Science Tidbits #6

From Astronomy to Zoology, from Bathyspheres to O'Neill Colonies, the wonders of discovery and invention are on topic here.

Moderator: RJDiogenes

User avatar
RJDiogenes
Olympian
Olympian
Posts: 66472
Joined: Fri Aug 22, 2008 12:24 am
Location: Boston
Contact:

Re: Science Tidbits #6

Post by RJDiogenes »

Not to mention Forrest Gump. It's amazing how seamlessly and easily they can do it. Also nice that they're using it to remind or inform the audience of a classic performer.
Please visit My Store and My Gallery and My YouTube Page. :)

:grape:
User avatar
scottydog
Consul
Consul
Posts: 22032
Joined: Wed Aug 27, 2008 2:55 pm
Location: Richmond, Virginia
Contact:

Re: Science Tidbits #6

Post by scottydog »

Lupine wrote:
Sat Dec 19, 2020 5:37 pm
^Re-watch DS9's "Trials and Tribble-ations".
Yes, that's true, and that's the 1990s, too :eek:
.
Here's the conjunction from the Hubble telescope
.
Image
User avatar
Lupine
Imperator
Imperator
Posts: 38221
Joined: Fri Aug 22, 2008 3:33 pm
Location: The State of Insanity

Re: Science Tidbits #6

Post by Lupine »

^Not really, but pretty anyway.
User avatar
scottydog
Consul
Consul
Posts: 22032
Joined: Wed Aug 27, 2008 2:55 pm
Location: Richmond, Virginia
Contact:

Re: Science Tidbits #6

Post by scottydog »

Lupine wrote:
Thu Dec 24, 2020 3:42 pm
^Not really, but pretty anyway.
Is it an artist's rendition?

Are these legit?
.
User avatar
Lupine
Imperator
Imperator
Posts: 38221
Joined: Fri Aug 22, 2008 3:33 pm
Location: The State of Insanity

Re: Science Tidbits #6

Post by Lupine »

^Some are, some aren't. The one by the pyramid and sphinx is fake (Jupiter and Saturn are too close and oriented the wrong way).
User avatar
RJDiogenes
Olympian
Olympian
Posts: 66472
Joined: Fri Aug 22, 2008 12:24 am
Location: Boston
Contact:

Re: Science Tidbits #6

Post by RJDiogenes »

Now we need Fact Checkers for Hubble. :lol:
Please visit My Store and My Gallery and My YouTube Page. :)

:grape:
User avatar
scottydog
Consul
Consul
Posts: 22032
Joined: Wed Aug 27, 2008 2:55 pm
Location: Richmond, Virginia
Contact:

Re: Science Tidbits #6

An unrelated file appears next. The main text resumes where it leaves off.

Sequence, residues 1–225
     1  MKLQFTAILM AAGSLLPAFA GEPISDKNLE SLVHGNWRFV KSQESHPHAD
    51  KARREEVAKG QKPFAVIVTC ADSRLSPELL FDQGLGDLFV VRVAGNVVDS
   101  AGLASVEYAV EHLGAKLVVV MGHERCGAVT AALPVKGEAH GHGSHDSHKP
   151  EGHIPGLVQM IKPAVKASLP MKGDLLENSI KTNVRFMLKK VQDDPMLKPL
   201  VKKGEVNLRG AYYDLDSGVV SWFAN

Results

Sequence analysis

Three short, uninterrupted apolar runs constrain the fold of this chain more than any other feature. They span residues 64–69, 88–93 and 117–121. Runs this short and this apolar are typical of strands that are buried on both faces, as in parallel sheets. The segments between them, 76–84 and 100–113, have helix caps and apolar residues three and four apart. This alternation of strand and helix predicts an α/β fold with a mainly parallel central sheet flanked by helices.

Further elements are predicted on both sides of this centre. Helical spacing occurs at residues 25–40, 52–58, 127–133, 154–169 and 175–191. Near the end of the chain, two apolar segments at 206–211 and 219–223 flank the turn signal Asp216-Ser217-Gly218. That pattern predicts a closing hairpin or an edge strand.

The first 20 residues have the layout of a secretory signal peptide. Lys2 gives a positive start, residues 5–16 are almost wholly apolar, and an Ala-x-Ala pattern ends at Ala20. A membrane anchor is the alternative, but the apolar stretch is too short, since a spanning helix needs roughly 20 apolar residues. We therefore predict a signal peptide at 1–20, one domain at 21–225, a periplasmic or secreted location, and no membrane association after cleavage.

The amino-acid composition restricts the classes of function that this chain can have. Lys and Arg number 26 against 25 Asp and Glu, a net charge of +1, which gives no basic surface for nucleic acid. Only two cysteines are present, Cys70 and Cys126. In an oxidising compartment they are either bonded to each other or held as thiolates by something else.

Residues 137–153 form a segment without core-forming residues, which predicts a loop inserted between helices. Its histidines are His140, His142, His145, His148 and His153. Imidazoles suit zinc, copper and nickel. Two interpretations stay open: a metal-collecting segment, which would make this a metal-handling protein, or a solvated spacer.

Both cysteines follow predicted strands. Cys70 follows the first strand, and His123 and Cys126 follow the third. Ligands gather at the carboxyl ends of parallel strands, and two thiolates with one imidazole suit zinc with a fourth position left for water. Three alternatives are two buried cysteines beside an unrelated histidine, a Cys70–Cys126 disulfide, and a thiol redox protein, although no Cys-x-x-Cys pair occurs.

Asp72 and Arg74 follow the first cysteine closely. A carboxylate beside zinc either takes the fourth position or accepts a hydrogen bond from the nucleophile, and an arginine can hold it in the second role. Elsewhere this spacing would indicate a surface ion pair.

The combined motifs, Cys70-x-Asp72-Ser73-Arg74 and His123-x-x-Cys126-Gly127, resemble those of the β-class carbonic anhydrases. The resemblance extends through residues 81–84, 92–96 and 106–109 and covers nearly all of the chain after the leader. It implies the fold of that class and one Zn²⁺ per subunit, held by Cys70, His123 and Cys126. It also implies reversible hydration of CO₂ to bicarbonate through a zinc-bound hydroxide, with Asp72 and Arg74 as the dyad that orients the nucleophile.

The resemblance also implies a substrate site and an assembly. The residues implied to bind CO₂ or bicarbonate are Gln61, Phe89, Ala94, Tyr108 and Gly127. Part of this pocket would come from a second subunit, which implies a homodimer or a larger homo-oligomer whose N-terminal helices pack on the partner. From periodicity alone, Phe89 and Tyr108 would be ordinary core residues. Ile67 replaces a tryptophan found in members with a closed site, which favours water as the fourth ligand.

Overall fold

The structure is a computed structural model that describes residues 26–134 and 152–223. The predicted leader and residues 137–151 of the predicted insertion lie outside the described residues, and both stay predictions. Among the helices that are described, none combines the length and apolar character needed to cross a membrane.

Post by scottydog »

^ Definitely some Hubble Trouble :lol:
User avatar
Lupine
Imperator
Imperator
Posts: 38221
Joined: Fri Aug 22, 2008 3:33 pm
Location: The State of Insanity

Re: Science Tidbits #6

Post by Lupine »

Really more of an educated guess than a real study however. You see things like this from time to time to try and explain why we're not being visited every other Tuesday. It may be right, but we really won't know until we can study exo-planets in more detail.
User avatar
RJDiogenes
Olympian
Olympian
Posts: 66472
Joined: Fri Aug 22, 2008 12:24 am
Location: Boston
Contact:

Re: Science Tidbits #6

Post by RJDiogenes »

It's hard to take an article seriously that has at least two grammatical errors just in their bullet points. :lol:

I think the primary solution to the Fermi Paradox is just rarity and distance. Only a small amount of life-bearing worlds will give rise to a technological civilization and interstellar travel is going to be a very difficult and expensive undertaking. But there is also validity to the idea of time scales. It would be the ultimate coincidence if the nearest civilizations were anywhere close to our level of development-- more likely they existed a long time ago or they are still pending. And even if the closest civilization is approximately at our level of development, they're probably ten thousand light years away, so we're seeing each other as we were ten thousand years ago.
Please visit My Store and My Gallery and My YouTube Page. :)

:grape:
User avatar
Lupine
Imperator
Imperator
Posts: 38221
Joined: Fri Aug 22, 2008 3:33 pm
Location: The State of Insanity

Re: Science Tidbits #6

Post by Lupine »

Some data on what Luhman 16B might look like.
Of particular interest to me since the book (I should really start working on more diligently) will probably have scenes that take place in the Luhman system.
User avatar
RJDiogenes
Olympian
Olympian
Posts: 66472
Joined: Fri Aug 22, 2008 12:24 am
Location: Boston
Contact:

Re: Science Tidbits #6

Post by RJDiogenes »

That's some pretty fancy research. So the Brown Dwarfs are basically Gas Giants on steroids. They'll still look pretty weird, though-- no nearby star to illuminate them, they just glow from within like a Halloween pumpkin.
Please visit My Store and My Gallery and My YouTube Page. :)

:grape:
Orpheus
Censor
Censor
Posts: 437
Joined: Sun Nov 08, 2015 2:31 pm

Re: Science Tidbits #6

Post by Orpheus »

Brown dwarves are now hypothesized to be more common than all other stellar types put together, and they can be much less warm than a jack o'lantern -- even room temperature, give or take 100 degrees. Despite a toasty surface temperature of over 900 C, and being one of our closest neighbors (after the Alpha Centauri complex and Barnard's star), Luhman AB was only discovered in the last decade -- and it seems to have a planet.